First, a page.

The Penn State child sex abuse charges against Jerry Sandusky sounded the alarm on how coaches can and do sometimes take advantage of their power. It is not hard to find similar cases in California. Just two weeks ago, a jury convicted Coach Melvin Flemings of using six of his high school basketball players in sexual videos and photos. One of the victim's mothers, who did not want to be identifed for fear of exposing her son, says the abuse changed their lives forever.
Now, California lawmakers want to help make sports programs safer for kids. The latest bill about to be introduced requires organizations that employ coaches and athletic directors to provide 2-hour training on what is inappropriate and illegal contact with minors.
"Sometimes it takes a very high-profile case that shocks our conscience to get us to act," Assm. Roger Dickinson of Sacramento said Monday.
Dickinson also wants to add coaches to the list of professionals that must report sexual abuse of a child to law enforcement authorities. Penn State's legendary head coach Joe Paterno was highly criticized and eventually fired after reporting Sandusky only to university administrators.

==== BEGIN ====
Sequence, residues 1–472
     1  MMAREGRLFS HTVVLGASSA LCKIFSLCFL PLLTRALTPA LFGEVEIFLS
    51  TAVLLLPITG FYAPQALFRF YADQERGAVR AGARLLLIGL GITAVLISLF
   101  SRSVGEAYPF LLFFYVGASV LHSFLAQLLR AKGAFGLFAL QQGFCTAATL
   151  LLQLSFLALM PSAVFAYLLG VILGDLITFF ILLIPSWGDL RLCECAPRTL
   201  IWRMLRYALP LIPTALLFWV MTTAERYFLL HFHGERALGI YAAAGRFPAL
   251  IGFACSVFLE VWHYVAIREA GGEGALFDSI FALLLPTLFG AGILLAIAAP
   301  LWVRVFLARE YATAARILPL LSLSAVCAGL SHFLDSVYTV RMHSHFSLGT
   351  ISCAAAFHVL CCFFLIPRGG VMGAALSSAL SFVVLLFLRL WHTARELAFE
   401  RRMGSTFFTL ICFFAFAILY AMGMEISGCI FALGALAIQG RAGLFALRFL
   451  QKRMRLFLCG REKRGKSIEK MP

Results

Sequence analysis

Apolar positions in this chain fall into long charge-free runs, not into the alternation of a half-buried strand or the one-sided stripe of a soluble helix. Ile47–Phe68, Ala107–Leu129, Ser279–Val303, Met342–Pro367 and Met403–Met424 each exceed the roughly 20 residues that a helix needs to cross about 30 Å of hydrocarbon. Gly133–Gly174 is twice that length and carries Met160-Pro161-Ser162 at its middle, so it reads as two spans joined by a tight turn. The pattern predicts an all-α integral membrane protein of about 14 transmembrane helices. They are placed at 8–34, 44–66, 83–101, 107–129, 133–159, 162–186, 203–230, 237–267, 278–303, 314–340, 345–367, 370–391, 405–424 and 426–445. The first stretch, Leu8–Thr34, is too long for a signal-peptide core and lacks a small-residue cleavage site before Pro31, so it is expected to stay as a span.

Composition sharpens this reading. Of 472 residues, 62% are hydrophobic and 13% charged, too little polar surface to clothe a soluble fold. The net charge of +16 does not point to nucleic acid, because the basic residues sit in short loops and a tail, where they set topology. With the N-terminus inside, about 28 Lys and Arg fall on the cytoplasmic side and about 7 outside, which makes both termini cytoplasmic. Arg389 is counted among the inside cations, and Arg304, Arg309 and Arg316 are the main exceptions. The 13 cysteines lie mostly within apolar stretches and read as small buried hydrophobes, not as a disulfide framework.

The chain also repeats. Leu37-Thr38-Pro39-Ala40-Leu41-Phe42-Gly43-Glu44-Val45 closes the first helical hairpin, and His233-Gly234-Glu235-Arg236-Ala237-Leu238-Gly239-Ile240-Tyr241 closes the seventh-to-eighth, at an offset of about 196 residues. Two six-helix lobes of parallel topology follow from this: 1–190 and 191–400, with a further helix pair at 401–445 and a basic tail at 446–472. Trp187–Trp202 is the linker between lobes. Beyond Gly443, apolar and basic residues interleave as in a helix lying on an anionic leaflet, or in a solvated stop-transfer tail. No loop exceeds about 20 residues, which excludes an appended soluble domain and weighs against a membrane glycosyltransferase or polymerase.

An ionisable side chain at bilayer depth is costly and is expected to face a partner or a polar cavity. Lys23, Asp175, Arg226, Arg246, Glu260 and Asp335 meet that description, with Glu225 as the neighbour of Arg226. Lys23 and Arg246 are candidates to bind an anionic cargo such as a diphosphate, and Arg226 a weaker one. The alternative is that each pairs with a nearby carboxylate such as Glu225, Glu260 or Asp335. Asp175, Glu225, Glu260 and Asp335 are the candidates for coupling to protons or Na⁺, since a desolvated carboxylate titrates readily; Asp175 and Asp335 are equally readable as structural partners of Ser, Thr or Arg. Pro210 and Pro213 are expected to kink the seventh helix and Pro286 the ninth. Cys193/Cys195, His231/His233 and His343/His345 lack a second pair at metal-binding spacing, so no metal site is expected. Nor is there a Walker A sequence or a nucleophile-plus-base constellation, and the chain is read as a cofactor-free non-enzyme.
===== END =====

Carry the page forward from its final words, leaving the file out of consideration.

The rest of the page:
"It's not just tell your superior. It's tell the police. It's criminal conduct," Dickinson added.
Former WNBA star-turned-coach Ruthie Bolton says she doesn't mind having to go through the extra training and requirements. Young athletes are supposed to trust their coaches.
"Sometimes people say it's not my business. I don't want to get into it, but it is our business. They need us," she said.
Another bill by Assemblyman Ricardo Lara seeks to take away the tax-exempt status of little leagues or basketball camps if they conceal or fail to report the sexual abuse of a child.
Opponents can submit their concerns to lawmakers when they reconvene in January.